Saturday, 8 March 2008

Guy N. Smith Book Review - Thirst

The book opens with a lorry driver who, while driving a tanker filled with noxious weedkiller, decides to take a detour to visit his "girlfriend" - perhaps not the greatest idea at the best of times, but one in this particular instance proves to be particularly disasterous; while trying to navigate the backroads of the welsh highlands, the driver loses control and the lorry plummets into the depths of a reservoir...releasing its contents into the water supply.

This isn't just any weedkiller - but the most toxic weedkiller ever developed, and even small amounts cause horrific sympotms in its vicitms, which culminates in certain death. In fact, anyone who comes into contact with the contaminated water soon becomes a victim of the symptoms of weedkiler poisoning: unquenchable thirst, followed by maddness, copious pustules and boils over the entire body and, soon thereafter, death. And, of course, there is no antidote (well, that wouldn't be any fun now, would it?)

Now, one would have thought that in this situation the authorities might have decided to switch off the supply of water from the contaminated reservoir, but inevitably, they refuse to believe that this is a serious enough problem to warrant such action, until it can be "proven" that this is a problem (which in reality is probably not too far from what would happen in this situation!).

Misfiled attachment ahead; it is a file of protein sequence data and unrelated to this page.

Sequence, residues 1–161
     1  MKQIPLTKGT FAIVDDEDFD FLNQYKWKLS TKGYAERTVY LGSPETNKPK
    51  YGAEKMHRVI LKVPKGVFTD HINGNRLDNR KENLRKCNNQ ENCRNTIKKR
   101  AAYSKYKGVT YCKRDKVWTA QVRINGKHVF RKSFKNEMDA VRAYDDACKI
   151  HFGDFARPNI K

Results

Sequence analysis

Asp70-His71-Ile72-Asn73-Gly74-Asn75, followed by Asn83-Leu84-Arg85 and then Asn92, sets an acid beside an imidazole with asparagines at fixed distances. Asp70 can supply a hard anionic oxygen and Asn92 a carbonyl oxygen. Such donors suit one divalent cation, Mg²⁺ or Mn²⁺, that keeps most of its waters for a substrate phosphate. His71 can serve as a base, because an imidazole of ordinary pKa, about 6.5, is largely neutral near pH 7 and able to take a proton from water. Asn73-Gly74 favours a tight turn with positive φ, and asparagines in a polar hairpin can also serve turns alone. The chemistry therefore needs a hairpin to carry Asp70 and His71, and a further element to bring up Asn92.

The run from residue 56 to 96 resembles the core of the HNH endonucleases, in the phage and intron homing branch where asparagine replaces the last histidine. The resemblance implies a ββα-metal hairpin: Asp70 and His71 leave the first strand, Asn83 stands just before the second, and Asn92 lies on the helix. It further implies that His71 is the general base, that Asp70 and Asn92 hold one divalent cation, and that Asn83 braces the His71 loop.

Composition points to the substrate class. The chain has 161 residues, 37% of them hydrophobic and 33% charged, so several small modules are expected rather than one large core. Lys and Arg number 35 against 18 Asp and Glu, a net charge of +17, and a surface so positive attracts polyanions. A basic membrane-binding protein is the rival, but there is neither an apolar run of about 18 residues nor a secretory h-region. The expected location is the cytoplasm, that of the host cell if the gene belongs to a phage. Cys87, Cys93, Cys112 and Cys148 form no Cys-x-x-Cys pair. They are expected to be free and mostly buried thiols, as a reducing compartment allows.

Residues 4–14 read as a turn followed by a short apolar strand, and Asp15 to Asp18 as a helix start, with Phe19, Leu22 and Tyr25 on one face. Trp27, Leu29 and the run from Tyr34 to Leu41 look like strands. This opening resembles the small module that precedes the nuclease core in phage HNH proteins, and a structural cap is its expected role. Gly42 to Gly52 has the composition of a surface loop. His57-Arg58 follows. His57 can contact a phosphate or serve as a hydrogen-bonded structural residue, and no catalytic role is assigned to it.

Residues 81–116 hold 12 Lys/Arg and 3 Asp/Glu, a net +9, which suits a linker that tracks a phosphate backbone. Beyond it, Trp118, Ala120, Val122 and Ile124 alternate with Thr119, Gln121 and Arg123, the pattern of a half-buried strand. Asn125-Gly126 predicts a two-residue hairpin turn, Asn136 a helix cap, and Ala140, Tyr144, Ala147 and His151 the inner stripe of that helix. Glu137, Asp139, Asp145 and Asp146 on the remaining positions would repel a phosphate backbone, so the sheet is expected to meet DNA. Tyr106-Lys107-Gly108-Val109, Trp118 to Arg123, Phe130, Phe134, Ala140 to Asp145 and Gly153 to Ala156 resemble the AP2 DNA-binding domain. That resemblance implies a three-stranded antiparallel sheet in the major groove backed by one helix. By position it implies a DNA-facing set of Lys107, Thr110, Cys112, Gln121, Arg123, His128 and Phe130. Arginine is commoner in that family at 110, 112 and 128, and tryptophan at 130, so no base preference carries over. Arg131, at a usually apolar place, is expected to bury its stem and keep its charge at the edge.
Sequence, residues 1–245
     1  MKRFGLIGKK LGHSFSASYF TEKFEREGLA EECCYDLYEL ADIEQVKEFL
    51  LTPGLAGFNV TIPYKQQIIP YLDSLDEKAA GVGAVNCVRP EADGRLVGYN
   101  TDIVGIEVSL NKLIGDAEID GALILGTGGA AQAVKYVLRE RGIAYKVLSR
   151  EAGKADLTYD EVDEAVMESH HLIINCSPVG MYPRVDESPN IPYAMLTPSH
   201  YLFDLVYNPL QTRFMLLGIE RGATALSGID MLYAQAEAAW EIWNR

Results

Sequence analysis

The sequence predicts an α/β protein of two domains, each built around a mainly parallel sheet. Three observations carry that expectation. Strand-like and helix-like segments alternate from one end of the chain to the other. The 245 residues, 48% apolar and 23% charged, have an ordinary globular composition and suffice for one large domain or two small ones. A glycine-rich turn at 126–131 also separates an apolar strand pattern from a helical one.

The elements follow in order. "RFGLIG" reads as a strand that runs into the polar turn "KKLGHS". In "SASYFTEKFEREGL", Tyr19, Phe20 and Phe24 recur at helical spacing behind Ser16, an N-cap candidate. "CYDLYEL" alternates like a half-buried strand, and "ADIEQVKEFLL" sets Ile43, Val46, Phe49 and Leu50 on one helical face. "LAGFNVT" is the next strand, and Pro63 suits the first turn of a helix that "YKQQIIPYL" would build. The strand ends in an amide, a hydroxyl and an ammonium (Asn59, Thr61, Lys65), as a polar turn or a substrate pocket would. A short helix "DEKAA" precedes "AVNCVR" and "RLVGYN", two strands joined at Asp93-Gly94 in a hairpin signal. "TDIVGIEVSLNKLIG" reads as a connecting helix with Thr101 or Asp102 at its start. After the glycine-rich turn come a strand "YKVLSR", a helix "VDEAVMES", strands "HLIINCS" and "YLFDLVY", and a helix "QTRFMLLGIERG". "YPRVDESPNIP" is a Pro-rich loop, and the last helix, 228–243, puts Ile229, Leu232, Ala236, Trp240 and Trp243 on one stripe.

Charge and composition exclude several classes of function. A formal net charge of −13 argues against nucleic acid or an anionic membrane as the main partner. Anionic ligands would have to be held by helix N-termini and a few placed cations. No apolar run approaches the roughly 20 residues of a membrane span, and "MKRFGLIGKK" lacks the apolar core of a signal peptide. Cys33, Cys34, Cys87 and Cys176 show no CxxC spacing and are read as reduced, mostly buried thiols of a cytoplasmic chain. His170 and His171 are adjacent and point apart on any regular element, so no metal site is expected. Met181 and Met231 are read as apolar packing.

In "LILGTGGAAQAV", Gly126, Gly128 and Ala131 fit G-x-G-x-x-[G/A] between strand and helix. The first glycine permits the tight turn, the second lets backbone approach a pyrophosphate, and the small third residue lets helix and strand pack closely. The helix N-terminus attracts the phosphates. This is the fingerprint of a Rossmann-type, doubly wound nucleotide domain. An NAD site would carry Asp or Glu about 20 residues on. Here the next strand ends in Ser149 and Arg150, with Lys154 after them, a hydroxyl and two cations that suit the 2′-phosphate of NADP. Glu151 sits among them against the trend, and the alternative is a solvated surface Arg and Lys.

Well, obviously, the authorities are wrong, and pandemonium ensues when the contaminated water enters the water supply of Birmingham. The city becomes a disaster zone, people are dying in droves, and the transport system crashes to a grinding halt. No one can get out, gangs run riot on the streets pillaging houses and shops for cans and bottles to drink, and generally its not a very pleasant place to be!

Amoungst all this mayhem, we meet our main character, one of the scientists who developed the weedkiller recipie, and who for some reason feels responsible for the disaster and for restoring order to the city. On his quest, he manages to form a relationship with another survivor (well, why not?), and to befriend an axe-murderer who has just escaped from the local jail.

As far as Guy N Smith novels go, this is certainly one of the most action-packed, and anyone who delights in reading graphic and detailed descriptions of revolting medical symptoms and gruesome deaths (and lets face it, who doesn't?) will not be disappointed. I certainly delighted in the (some would argue) unnecessarily numerous description of the deaths of weedkiller victims, along with copious other large-scale diasters (huge fires which the weedkiller water is unable to put out, train and plane crashes, motorway pile-ups) which adorned the novel's pages!

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